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How to Take Care of Your Lawn in a Drought

Posted by Audrey Lichten

Aug 4, 2015


If you live in an area that is frequently affected by drought conditions, you may not be enjoying a lush green lawn at this point in the summer. However, a well-maintained lawn helps to boost your curb appeal and complements your exterior siding. Therefore, these few tips will help your grass survive this season. The key is to create a healthy soil and avoid stressing the vegetation further.

  1. Water infrequently and deeply to simulate rainfall. This teaches the roots to grow deeper to find a water source. Watering on alternate days saves 40-50% more water.
  2. Water late at night or in the early morning to avoid evaporation during the day.
  3. To avoid runoff when watering, apply water slowly or in cycles. Use a soaker hose on smaller strips of grass to avoid watering the driveway or street.
  4. For portable sprinklers, set a timer to monitor how long they're on and remind you when to turn them off.
  5. Maintain your sprinkler system to avoid leaking valves and heads that may be wasting water.
  6. Aerate and dethatch your lawn to improve water absorbency. This promotes root growth by allowing the water to soak deeper into the ground.
  7. When mowing your grass, set it to a higher setting. This encourages the grass to grow deeper roots and allows for more surface area on the blades to perform photosynthesis and keep the grass alive.
  8. Maintain your lawn equipment. Replace or sharpen the mower blades two or three times during the summer. When your blades are dull they tear the grass which causes mroe stress forcing it to use 40-60% more water to recover.
  9. Most importantly, if water restrictions are imposed on your community, follow them! Your lawn may turn yellow and go dormant during an extreme drought to survive without water. Don't worry though, dormant grasses will come back to life when it gets water again.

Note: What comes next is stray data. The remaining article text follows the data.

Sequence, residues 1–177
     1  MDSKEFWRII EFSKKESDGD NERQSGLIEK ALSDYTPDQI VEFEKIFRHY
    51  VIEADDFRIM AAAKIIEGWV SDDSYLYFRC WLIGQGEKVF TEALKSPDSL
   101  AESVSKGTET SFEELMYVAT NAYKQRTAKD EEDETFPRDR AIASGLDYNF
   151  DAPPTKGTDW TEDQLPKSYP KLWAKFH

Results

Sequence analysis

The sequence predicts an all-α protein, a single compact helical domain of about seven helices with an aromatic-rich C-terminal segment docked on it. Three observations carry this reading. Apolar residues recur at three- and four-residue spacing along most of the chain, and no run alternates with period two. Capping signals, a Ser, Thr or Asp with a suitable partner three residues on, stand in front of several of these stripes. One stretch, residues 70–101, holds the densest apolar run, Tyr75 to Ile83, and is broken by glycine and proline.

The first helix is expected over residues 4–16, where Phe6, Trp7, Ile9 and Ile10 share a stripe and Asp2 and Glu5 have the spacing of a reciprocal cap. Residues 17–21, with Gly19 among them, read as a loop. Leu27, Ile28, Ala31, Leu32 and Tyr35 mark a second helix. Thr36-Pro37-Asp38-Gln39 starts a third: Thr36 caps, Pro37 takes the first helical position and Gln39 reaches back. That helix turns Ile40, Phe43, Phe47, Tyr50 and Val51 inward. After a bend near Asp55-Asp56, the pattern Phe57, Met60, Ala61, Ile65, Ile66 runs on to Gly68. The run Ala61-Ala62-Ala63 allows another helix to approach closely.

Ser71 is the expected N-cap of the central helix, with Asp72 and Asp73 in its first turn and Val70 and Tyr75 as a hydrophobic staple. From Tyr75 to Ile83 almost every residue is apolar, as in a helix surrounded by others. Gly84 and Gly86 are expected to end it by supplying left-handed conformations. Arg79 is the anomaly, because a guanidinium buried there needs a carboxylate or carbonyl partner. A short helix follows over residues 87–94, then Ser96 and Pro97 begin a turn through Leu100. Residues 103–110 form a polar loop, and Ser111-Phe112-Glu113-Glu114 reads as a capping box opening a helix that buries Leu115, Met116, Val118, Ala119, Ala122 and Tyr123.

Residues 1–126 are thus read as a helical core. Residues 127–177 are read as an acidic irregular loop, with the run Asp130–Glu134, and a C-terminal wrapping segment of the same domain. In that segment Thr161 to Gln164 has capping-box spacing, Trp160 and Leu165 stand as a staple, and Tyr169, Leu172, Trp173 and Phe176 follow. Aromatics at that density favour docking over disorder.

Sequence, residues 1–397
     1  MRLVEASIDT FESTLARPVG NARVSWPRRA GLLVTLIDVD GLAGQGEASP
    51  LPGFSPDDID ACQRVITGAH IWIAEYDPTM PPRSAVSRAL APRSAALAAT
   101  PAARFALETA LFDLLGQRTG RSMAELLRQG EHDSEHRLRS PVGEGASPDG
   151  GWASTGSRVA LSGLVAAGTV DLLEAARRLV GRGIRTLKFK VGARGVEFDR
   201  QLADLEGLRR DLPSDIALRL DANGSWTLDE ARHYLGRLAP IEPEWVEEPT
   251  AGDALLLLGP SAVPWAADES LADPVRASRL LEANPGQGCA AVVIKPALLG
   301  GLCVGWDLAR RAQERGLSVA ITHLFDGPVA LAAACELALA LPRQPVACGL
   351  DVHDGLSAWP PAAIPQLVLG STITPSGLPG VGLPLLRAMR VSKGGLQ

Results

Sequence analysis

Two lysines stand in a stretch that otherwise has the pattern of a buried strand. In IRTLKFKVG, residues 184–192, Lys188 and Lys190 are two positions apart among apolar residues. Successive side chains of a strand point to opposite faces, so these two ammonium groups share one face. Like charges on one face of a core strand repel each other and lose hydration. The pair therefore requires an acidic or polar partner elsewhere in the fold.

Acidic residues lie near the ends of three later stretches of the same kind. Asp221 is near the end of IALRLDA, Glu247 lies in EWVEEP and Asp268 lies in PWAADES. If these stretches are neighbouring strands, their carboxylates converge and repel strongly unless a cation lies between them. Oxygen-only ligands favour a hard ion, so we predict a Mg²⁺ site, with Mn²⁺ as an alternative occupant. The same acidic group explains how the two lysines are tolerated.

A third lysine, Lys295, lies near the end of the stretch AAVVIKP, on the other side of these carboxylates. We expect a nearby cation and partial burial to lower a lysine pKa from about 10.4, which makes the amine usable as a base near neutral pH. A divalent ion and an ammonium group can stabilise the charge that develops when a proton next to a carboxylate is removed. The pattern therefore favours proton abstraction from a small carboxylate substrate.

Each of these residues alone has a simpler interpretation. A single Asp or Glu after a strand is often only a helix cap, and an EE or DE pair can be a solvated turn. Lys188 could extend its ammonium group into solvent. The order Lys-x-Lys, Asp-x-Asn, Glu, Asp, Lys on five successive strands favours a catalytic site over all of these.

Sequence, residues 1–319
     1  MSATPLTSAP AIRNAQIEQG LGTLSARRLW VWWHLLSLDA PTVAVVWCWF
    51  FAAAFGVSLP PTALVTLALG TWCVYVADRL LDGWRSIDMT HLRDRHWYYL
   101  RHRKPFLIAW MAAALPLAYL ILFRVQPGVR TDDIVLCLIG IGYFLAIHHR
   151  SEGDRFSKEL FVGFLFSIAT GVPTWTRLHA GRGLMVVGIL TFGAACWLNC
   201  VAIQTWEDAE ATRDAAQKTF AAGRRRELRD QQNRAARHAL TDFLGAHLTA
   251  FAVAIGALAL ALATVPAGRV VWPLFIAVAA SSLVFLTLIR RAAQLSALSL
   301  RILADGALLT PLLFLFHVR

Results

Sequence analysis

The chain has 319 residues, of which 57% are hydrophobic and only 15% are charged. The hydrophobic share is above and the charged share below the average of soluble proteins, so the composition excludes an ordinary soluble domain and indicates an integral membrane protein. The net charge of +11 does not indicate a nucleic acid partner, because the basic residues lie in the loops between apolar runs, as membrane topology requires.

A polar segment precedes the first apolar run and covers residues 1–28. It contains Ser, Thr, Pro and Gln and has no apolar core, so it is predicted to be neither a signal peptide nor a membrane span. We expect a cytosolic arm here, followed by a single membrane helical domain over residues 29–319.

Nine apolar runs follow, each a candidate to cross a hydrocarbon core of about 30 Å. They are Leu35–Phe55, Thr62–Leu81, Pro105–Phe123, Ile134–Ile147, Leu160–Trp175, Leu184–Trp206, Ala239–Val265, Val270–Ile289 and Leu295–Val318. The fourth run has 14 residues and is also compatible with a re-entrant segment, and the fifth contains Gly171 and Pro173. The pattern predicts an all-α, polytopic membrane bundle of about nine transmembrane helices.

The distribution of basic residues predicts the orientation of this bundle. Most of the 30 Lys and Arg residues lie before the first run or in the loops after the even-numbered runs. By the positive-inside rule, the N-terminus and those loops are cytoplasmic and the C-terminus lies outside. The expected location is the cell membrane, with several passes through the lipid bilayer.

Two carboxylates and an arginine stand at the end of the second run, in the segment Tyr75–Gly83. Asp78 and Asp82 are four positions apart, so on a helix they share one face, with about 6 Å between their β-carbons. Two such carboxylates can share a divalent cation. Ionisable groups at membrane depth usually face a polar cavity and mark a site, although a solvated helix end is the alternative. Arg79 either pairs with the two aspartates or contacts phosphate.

If you've noticed that these tips aren't cutting it, you may need to think ahead for next year and take some proactive steps for saving your lawn for the future.

  1. Plant lawn grasses that are well-adapted to your area and planting site. The following drought tolerant grasses can survive on less water. (Keep in mind other grasses require an inch or more of water per week.)
    Tall fescue - an adaptable, bunch-type grass with a coarse texture. It prefers 34" of water per week in one deep watering. It is also very tolerant to traffic.
    Buffalograss- a thick and hardy grass that requires little to no mowing and only 14" of water per week. It has a very slow start from seed so plugs are a better option for planting.
    Wheatgrass- a coarse looking grass that needs very little water. It's easy to start from seed and is a very low-maintenance grass. 
  2. Prepare for the drought season by following the tips above before the heat hits. This will strengthen your grass ahead of time to withstand more stress during the drought.
  3. However, finding an alternative to grass may be the best option in areas commonly affected by drought. Try some of these substitutes to avoid the troublesome grass situation altogether.
    Clover- microclover is a great counterpart to grass as it is a natural fertilizer for the soil by drawing in nitrogen, producing a greener plant. For a complete grass alternative, use White or Dutch clover as it won't grow tall and prevents weeds from intruding.
    Creeping Thyme- consider Spice Orange Thyme or Creeping Lemon Thyme for a green ground cover or Wooly Thyme for an especially soft surface. It won't grow beyond four inches high and produces small pink blossoms that create a beautiful aroma when compressed underfoot.
    Artificial Turf- to avoid the growing and maintenance of any living greenery, install an artificial turf. Turf technology has come a long way to produce a lawn alternative that looks like the real thing. Check out SYNlawn or ForeverLawn

We know that taking care of your yard can be a challenge. But with these tips we hope you have some more insight into the best way to maintain your lawn during those scorching summer days. For other ways to boost your curb appeal, consider an exterior siding project or contact Peninsula Siding Company with your questions.

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